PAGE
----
Would I have bought Enron?

March 14th, 2007

I just finished reading a couple of books on the share market, in particular about the early 2000s frauds by Worldcom and Enron: A Mathematician Plays the Stock Market and The Smartest Guys in the Room.

The question that struck me while reading the books (particularly the Enron one) was whether or not I would have bought those shares, and got caught up in the same collapse. What was it about the Enron shares that ‘smelled’ before the big collapse became inevitable.

This isn’t really a question about making money in the short run, but rather about whether or not a company’s business is “real”, and there for the long run. In the short run, all kinds of silly things can make money, so long as you sell in time. But in the long run, there has to be a real business behind the company.

Enron, as far as I can tell, was a company where the fundamental ‘real’ business was pretty non-existent, or was losing a lot of money because they weren’t charging enough. A lot of the gains were coming from mark-to-market accounting (taking the entire profits of a 20-year deal as soon as it was signed), or the trading operations (which were good, but a very volatile business). As far as I can tell the actual fraud was a fairly small part of the problem, really only delaying the final end of the company by a few quarters.

Paying attention to the actual cash flow, rather than just the reported profits, would probably have helped spot the problems early (as, indeed, it did for some), but I suspect that this rule would be too strict – you’d tend to eliminate some companies that do have a good business, just not a lot of cash.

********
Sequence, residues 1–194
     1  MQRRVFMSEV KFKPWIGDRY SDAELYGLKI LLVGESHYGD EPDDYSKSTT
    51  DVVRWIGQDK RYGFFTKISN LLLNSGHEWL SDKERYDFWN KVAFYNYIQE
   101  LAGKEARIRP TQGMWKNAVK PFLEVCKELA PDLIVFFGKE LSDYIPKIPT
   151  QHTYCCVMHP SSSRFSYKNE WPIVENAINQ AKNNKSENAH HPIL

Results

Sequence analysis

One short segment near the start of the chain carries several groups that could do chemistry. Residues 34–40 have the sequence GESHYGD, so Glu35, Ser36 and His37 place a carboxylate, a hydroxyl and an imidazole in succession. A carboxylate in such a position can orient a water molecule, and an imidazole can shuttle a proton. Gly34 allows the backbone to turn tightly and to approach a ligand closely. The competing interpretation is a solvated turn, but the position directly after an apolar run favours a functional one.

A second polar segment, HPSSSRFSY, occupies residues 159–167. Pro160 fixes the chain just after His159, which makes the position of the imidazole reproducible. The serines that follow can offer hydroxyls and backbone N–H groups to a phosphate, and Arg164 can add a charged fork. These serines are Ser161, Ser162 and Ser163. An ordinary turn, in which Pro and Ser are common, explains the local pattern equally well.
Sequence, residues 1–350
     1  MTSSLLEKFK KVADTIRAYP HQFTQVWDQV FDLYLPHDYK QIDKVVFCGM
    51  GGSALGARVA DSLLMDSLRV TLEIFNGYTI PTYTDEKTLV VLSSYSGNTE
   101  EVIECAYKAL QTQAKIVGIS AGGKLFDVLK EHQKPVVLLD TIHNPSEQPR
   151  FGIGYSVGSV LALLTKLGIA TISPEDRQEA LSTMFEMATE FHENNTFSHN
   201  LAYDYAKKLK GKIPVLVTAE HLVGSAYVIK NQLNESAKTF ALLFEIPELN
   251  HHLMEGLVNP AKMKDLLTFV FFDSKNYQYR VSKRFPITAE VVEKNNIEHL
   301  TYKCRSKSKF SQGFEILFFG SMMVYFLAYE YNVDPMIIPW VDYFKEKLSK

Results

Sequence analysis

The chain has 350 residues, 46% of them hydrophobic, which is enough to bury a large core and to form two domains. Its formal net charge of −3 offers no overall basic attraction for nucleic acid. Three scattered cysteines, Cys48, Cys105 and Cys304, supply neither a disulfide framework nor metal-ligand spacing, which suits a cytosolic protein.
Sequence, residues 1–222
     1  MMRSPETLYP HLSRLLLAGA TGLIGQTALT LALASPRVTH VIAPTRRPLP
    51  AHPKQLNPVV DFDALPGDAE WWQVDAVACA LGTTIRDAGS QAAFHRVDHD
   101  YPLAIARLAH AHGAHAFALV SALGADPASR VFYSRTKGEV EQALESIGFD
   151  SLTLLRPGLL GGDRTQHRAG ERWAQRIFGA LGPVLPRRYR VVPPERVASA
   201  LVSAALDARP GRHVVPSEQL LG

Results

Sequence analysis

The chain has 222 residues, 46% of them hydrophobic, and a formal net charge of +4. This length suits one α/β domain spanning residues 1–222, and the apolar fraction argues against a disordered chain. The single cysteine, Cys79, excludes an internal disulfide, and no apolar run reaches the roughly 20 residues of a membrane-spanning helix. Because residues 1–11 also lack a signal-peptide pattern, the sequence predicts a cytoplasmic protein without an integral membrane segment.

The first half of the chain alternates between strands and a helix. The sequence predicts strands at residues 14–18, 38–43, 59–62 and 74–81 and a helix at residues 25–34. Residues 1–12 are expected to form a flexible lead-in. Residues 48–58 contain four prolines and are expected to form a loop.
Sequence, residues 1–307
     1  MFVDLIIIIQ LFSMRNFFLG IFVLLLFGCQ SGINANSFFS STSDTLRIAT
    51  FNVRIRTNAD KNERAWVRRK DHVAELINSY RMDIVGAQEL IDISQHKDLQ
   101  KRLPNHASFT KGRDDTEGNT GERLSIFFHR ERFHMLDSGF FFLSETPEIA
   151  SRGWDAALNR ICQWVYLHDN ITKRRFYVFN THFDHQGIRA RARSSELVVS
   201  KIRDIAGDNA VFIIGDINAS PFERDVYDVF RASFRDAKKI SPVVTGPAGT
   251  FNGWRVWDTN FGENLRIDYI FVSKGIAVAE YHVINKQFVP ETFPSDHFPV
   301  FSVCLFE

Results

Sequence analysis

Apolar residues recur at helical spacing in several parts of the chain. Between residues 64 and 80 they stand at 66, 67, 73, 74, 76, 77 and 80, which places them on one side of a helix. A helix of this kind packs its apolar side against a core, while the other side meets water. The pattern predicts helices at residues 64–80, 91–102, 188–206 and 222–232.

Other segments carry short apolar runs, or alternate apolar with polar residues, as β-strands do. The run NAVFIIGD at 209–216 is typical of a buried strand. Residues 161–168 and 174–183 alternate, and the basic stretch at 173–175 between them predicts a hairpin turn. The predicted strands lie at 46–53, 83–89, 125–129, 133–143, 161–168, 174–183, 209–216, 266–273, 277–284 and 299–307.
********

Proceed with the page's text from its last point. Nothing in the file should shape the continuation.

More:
I have a few personal rules of thumb for my own (hypothetical, so far) share purchases:

  • Focus on businesses that supply some bit of GDP that is clearly identifiable.

  • Avoid businesses that depend on Government decisions for their profitability: health insurance, airlines, and so on.

  • Make sure that the price to earnings ratio isn’t too wacky (normally a good sign that there’s speculation, or some kind of other problem, going on).

  • Understand the actual business of the company (where does it make its money from), as opposed to what they say the rules are.

By this basis, Enron would have thrown up red flags on at least two, maybe all four, if I’d looked into it enough.

Which I suppose is the real lesson – if you’re going to invest in a company, you should understand it in a lot of detail, because otherwise you’re at a lot of risk.